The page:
The bookmarking site said it will also prohibit ads with language or images that promote or disparage certain body types.
“There’s been a steep rise in unhealthy eating habits and eating disorders in young people since the Covid-19 pandemic started last year,” Pinterest (PINS
) said in a statement, citing data from the National Eating Disorders Association.
The policy goes into effect Thursday. As with all online content moderation policies, however, the challenge for platforms is usually not setting the rule so much as enforcing it and ensuring no one circumvents the policy.
While Pinterest is often thought of as a feel-good corner of the internet, it used to have a problem with content that promoted potentially harmful eating and lifestyle habits, sometimes known as “thinspiration,” “thinspo” or “pro-anorexia.” Pinterest banned
such content in 2012
but pro-eating disorder content has been found
on the platform in the years since.
The company said Thursday that it previously barred some advertisements related to weight loss, including ads containing before-and-after weight loss images, weight loss pills or procedures, and “body shaming.”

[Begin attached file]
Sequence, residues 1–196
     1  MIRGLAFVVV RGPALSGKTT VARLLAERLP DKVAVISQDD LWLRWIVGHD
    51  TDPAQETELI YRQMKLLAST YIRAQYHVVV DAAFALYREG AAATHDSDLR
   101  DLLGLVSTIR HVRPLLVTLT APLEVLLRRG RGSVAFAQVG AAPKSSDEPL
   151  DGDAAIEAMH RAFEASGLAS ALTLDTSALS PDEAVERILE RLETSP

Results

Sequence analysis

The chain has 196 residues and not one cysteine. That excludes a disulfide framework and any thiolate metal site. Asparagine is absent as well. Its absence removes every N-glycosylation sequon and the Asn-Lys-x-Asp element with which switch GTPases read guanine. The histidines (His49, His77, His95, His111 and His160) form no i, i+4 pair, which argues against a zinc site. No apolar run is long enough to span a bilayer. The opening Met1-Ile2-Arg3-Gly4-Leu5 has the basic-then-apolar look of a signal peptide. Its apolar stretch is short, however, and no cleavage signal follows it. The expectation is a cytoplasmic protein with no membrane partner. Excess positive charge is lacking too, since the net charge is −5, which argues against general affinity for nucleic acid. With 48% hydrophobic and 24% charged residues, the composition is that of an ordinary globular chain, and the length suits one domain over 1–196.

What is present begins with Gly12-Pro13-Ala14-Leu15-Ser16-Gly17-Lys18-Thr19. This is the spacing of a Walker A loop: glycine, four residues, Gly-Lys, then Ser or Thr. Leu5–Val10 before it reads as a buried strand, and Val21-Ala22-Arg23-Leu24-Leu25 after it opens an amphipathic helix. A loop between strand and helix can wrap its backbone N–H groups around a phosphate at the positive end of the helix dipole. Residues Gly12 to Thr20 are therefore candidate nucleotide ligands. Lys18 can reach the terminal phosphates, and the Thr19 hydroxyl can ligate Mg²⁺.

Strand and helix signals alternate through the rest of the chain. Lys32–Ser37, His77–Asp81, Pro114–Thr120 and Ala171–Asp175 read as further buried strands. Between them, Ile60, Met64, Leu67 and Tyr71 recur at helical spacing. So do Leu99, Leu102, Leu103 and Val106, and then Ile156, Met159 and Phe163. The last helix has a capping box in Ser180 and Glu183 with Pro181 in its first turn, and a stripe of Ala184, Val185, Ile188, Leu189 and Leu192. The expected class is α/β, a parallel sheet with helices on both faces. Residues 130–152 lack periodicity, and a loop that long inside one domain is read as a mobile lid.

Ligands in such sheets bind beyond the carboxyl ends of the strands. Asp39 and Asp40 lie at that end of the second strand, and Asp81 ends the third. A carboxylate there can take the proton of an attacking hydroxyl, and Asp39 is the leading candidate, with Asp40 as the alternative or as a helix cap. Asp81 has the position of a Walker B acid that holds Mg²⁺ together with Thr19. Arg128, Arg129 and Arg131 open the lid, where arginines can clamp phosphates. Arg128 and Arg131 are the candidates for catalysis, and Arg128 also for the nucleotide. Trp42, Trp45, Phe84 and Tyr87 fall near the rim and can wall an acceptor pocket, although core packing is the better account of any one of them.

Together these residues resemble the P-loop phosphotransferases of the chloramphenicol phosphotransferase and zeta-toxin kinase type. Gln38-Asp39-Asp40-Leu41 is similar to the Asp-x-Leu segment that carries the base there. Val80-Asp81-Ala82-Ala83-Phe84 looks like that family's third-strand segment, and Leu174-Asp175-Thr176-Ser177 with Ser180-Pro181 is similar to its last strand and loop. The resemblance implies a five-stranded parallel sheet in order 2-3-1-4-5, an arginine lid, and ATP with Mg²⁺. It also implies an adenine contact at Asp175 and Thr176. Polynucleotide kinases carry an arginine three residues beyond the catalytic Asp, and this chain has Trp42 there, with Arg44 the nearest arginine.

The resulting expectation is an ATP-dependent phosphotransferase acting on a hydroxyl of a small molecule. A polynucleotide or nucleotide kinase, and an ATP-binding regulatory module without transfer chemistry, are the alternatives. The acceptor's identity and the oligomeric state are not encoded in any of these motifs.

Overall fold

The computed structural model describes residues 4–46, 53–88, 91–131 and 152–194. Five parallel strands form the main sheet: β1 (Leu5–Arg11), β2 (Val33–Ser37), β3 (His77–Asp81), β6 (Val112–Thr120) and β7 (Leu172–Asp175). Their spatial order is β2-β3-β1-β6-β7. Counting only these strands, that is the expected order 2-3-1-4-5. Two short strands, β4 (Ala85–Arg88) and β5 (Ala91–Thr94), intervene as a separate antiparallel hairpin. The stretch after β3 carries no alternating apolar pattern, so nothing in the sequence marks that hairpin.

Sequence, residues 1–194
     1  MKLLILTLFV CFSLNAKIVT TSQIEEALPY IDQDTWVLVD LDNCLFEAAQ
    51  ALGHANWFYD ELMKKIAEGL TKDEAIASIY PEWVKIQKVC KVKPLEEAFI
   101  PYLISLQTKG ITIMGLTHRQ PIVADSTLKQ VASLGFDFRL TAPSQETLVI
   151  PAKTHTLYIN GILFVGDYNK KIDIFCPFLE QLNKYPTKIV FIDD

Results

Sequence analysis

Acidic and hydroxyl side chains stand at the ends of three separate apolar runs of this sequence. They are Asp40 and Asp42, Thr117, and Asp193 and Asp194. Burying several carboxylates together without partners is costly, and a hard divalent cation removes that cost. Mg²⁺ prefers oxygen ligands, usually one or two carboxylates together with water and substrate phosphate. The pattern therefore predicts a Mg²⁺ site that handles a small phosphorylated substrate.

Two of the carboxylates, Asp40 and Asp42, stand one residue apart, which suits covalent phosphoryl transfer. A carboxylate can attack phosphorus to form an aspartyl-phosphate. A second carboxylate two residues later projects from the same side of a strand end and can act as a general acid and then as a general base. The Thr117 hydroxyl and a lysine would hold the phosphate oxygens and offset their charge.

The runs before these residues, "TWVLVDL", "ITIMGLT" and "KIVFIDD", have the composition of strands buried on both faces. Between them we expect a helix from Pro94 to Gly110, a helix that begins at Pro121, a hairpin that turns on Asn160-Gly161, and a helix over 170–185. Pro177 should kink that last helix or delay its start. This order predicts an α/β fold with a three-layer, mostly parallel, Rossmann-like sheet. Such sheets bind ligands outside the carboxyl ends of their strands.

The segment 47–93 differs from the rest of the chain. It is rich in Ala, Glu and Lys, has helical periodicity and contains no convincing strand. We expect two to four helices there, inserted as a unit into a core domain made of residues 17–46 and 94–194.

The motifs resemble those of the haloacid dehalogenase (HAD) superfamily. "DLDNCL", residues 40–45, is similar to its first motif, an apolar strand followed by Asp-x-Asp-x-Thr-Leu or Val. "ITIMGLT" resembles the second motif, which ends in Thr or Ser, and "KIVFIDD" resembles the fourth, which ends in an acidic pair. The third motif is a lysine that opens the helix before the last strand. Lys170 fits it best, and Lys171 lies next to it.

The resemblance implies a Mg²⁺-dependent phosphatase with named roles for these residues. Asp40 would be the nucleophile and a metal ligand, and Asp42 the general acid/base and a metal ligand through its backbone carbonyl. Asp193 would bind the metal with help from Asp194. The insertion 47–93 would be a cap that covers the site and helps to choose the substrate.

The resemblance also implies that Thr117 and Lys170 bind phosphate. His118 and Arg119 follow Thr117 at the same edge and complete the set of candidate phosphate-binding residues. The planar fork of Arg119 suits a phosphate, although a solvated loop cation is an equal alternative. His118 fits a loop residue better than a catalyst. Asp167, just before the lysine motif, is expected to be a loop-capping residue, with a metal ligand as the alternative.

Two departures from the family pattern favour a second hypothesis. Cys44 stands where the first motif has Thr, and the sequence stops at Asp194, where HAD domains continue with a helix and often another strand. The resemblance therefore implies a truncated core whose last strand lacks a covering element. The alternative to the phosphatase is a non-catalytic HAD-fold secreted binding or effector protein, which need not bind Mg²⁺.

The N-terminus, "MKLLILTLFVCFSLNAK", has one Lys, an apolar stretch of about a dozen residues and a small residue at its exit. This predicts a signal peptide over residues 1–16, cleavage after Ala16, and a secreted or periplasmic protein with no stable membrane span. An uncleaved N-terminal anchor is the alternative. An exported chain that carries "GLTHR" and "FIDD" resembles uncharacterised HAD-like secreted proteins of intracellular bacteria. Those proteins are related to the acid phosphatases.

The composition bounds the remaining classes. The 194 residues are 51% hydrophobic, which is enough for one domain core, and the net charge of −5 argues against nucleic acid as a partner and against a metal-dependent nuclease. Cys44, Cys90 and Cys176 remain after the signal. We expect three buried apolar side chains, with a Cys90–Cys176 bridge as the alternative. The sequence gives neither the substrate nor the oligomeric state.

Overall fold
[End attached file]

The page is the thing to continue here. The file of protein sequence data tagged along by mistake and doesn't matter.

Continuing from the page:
But its new policy is intended to go further by banning all ads with weight loss language and imagery, including testimonials regarding weight loss or weight loss products and references to Body Mass Index or similar indexes. Pinterest said it is the “only major platform” to prohibit such ads.
“We encourage others in the industry to do the same and acknowledge, once and for all, that there’s no such thing as one-size-fits-all,” the company said.
Ads promoting “healthy lifestyles” or fitness products and services will still be permitted on Pinterest, so long as they don’t focus on weight loss, the company said. Pinterest developed the policy with guidance from the National Eating Disorders Association.